17 Jul 19
KELOLAND.com
BARRON, Wis. (AP) – A man who admitted to kidnapping Jayme Closs and killing her parents has been moved to a facility outside Wisconsin. Twenty-two-year-old Jake Patterson is serving life without parole for the October deaths of James and Denise Closs. State records say he was moved Monday, but do not say where or why he was transferred. The Department of Corrections says his location is not being disclosed for his safety. Patterson held Jayme captive in a remote cabin for nearly three months before she escaped in January. The criminal complaint says he saw Jayme getting on a school bus and decided “she was the girl he was going to take.” Patterson pleaded guilty in March to two counts of intentional homicide and one count of kidnapping. He was sentenced in May.
16 Jul 19
Twin Cities
BARRON, Wis.— A man who admitted to kidnapping Jayme Closs and killing her parents last year has been moved to a facility outside of Wisconsin. Jake Patterson, 22, is serving life without parole for the October deaths of James and Denise Closs. State records say he was moved Monday, but they do not say where. The Department of Corrections says his location is not being disclosed for his safety. It’s not clear why he was transferred. Patterson held then 13-year-old Jayme captive in a remote cabin for nearly three months before she escaped in January. The criminal complaint says he saw Jayme getting on a school bus and decided “she was the girl he was going to take.” Patterson pleaded guilty in March to two counts of intentional homicide and one count of kidnapping. He was sentenced in May.[related_articles location=”left” show_article_date=”false” article_type=”automatic-primary-tag”]
16 Jul 19
Wausau Pilot & Review

By Shereen Siewert A Wisconsin man serving life in prison for kidnapping 13-year-old Jayme Closs and killing her parents was moved to an out-of-state prison this week, according to the Wisconsin Department of Corrections. Jake Patterson, 21, pleaded guilty in March to two counts of intentional homicide and one count of kidnapping. In court, Patterson […]

16 Jul 19
WFRV Local 5
DODGE COUNTY, Wis. (WFRV) — Jake Patterson, the man who kidnapped Jayme Closs and murdered her parents, has been transferred to an out-of-state prison. State records show Patterson was moved Monday, but no information is available saying where he has been transferred. Patterson was previously serving his life sentence at the Dodge Correctional Institution.
16 Jul 19
FOX6Now.com

BARRON — A man who admitted to kidnapping Jayme Closs and killing her parents was moved to a facility outside of Wisconsin. Jake Patterson, 22, is serving life without parole for the October deaths of James and Denise Closs. State records said he was moved Monday, July 15 but they did not say where. The […]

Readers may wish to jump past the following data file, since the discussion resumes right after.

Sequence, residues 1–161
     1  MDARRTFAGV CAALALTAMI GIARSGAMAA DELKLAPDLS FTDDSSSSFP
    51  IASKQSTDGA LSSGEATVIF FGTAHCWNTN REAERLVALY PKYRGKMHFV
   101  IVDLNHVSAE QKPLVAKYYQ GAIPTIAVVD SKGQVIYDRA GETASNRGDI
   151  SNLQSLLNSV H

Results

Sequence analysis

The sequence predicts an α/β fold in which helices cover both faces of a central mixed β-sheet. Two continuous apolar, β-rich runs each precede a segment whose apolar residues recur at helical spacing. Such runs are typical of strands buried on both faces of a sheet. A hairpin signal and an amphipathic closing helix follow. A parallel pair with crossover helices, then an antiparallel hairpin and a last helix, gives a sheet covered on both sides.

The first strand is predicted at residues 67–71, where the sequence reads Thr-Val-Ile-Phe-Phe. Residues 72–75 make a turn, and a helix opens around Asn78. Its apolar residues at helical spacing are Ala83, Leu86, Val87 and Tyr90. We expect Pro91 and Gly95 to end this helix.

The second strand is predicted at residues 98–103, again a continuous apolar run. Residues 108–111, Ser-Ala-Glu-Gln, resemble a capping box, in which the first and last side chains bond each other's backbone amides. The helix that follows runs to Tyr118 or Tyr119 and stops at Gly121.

13 Jul 19
PEOPLE.com

The Wisconsin teen escaped after being held captive for 88 days following the killing of her parents

30 Jun 19
WTAJ
BARRON, Wis. (AP) — A man who broke into the home of Jayme Closs after her parents were killed and she went missing has been sentenced to two years of probation. 33-year-old Kyle Jaenke-Annis earlier pleaded guilty to misdemeanor theft for stealing some of Closs’s clothing during the break-in. Jaenke-Annis was initially charged with felony burglary. Investigators found the theft was unrelated to Jayme’s disappearance. Jaenke-Annis was sentenced Wednesday in Barron County Circuit Court. Twenty-one-year-old Jake Patterson was sent to prison for life after the 13-year-old girl escaped from his remote cabin in Douglas County where she had been held for 88 days. The cabin is about 60 miles northeast of Barron, Jayme’s hometown. Closs is living with her aunt.
29 Jun 19
News about world

“Man who stole Jayme Closs’ clothing after she went missing is sentenced to probation” via FOX NEWS https://ift.tt/2ITYGwh

28 Jun 19
news updates

“Man who stole Jayme Closs’ clothing after she went missing is sentenced to probation” via FOX NEWS https://ift.tt/2ITYGwh

28 Jun 19
The Viral

Man who stole Jayme Closs’ clothing after she went missing is sentenced to probation A man who broke into the Wisconsin home of Jayme Closs weeks after her parents were gunned down and she disappeared was sentenced Wednesday to two years probation.  via FOX NEWS https://ift.tt/2ITYGwh

28 Jun 19
INSIGHT MEDIA INT'L (MEDIA CITY)

A man who broke into the Wisconsin home of Jayme Closs weeks after her parents were gunned down and she disappeared was sentenced Wednesday to two years probation.  source https://www.foxnews.com/us/man-who-stole-jayme-closs-clothing-after-she-went-missing-sentenced-to-probation